We frequently get a call from a prospective client asking us about adding windowed room for their back yard. In many cases the client is interested in a sunroom that will expand their living space and be usable for 8-12 months out of the year. There are, of course many ways to expand living space on a home, but a sunroom is one of the most popular. Frequently the homeowner would like to put this on an existing deck area. Unfortunately, this strategy can lead to all kinds of future problems. Very few decks have been built strongly enough to support a full room and roof weight. We have seen rooms built on existing decks that created innumerable problems with the existing house and the new room. These problems can include sagging, settling of flooring, roof leaks, and jammed doors and windows. In some cases the existing deck can be braced or supported to carry the extra weight of the new room, but in other cases the cost of the bracing, and the difficulty of installing it can exceed the cost of building a new support structure from scratch, especially if the old deck has any rot or structural problems. Since a properly designed and built sunroom enhances a homes value and usability, as well as expanding living space, it is always a good long-term investment to get an expert involved in the structural design, even if you are building it yourself. If you are planning on building it yourself or with a friend, you may want to enlist the help of an architect or licensed engineer to design the structural support. Different types of structural design and support may apply based on conditions such as height, size and shape of room, roof type, and type of house. All of these situations and more need to be taken into account in the load calculations for the room. If you are dealing with a design professional or a licensed and accredited builder, the structural design and support are some of the things you should ask specifically about. If your builder has the proper experience, background, and training in room design he/she should be able to assist you with a permanent, usable solution that will enhance the value and features of your home.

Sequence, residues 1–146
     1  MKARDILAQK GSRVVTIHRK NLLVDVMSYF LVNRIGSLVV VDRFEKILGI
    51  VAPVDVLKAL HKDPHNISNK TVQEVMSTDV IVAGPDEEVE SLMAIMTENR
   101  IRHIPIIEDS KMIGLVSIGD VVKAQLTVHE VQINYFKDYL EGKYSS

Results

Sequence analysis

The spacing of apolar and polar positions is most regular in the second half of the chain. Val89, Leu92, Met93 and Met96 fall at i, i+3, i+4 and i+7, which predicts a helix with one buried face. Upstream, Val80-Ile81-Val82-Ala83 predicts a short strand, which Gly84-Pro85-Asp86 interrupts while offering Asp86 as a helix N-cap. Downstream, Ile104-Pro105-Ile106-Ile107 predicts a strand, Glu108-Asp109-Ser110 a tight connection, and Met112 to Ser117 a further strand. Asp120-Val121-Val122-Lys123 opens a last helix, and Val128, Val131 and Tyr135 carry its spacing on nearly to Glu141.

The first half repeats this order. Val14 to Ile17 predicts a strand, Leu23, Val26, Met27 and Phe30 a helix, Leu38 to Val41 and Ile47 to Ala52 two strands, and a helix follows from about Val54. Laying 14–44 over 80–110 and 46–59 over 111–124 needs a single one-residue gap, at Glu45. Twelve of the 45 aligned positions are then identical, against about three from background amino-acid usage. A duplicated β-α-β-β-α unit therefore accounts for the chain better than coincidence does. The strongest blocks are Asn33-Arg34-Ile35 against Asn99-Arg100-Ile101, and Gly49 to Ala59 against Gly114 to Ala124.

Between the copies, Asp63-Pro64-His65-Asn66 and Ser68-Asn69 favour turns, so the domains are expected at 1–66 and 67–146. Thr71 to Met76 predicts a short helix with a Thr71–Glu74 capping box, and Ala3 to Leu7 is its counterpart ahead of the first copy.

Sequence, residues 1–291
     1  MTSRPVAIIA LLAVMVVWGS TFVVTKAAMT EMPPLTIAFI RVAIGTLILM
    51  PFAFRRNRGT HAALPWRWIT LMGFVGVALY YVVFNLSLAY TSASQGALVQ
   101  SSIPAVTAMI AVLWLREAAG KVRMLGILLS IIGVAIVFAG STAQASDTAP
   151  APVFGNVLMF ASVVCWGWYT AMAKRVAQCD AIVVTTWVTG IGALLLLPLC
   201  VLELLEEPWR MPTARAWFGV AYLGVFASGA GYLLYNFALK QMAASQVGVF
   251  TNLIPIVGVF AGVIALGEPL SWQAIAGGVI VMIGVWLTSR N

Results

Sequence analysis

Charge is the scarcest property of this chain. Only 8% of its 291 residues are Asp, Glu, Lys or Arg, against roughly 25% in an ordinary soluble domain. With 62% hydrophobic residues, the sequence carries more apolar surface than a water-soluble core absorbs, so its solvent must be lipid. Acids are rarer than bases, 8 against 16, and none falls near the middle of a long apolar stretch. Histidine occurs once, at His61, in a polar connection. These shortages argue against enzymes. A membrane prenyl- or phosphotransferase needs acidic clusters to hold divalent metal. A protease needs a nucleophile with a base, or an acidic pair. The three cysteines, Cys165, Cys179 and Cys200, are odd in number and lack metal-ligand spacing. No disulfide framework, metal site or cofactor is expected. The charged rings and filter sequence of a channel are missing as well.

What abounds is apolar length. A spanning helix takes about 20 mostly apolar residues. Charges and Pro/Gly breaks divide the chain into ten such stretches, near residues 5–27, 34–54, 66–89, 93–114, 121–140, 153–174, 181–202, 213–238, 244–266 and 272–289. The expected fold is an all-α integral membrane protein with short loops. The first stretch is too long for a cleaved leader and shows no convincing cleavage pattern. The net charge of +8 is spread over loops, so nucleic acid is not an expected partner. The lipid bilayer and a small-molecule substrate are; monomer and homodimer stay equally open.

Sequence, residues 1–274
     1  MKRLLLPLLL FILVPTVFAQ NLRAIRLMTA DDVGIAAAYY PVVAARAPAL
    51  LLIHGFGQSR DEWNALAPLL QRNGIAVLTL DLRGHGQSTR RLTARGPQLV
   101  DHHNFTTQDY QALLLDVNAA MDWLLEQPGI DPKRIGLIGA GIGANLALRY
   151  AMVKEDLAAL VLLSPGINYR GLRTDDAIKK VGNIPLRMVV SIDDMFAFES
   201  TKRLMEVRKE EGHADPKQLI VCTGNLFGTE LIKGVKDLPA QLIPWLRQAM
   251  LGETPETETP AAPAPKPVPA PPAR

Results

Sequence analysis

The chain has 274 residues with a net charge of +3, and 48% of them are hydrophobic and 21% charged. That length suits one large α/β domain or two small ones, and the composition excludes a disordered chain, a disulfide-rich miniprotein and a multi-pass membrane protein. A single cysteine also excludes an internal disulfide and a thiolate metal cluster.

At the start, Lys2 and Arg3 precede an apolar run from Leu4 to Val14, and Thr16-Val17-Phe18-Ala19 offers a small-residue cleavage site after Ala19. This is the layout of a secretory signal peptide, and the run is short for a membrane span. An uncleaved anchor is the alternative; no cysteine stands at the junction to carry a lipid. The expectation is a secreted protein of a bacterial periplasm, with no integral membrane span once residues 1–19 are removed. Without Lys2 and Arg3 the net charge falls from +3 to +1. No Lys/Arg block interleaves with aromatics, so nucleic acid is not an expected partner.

I was at a customer’s home this week and they wanted to build a new porch on the back of their Kansas City home. Their house was on a pie shaped lot that became narrower as it went back and came to a point in the very back. When I measured the distance from the corner of the new porch to the rear property line it was only 12 feet from that point. I checked with the city the project was in and they indicated that it was too close and could not be built.
This reminded me of several other projects that were complicated by setbacks and utility easements. A setback is the distance that a completed project must be from your property line. Side setbacks can be anywhere from zero feet in some older sections of town to as much as 15 feet in others. Rear setbacks can be even more diverse. Some cities do not require setbacks for low level decks but can be as much as 30 feet for porches or sunrooms in other cases. In addition, some cities require a percentage of the total lot length not to exceed a certain amount of feet.
These setbacks can also vary within the same city. Some subdivisions require greater setbacks than others. Villas and town homes generally have different setback requirements than single family homes. In most cases the city planner is the person to check with on regulations regarding your property. There may be a variance process in place where you can get permission to build your porch if the setback is an issue. In most cases a recent survey will be required.
You must be logged in to post a comment.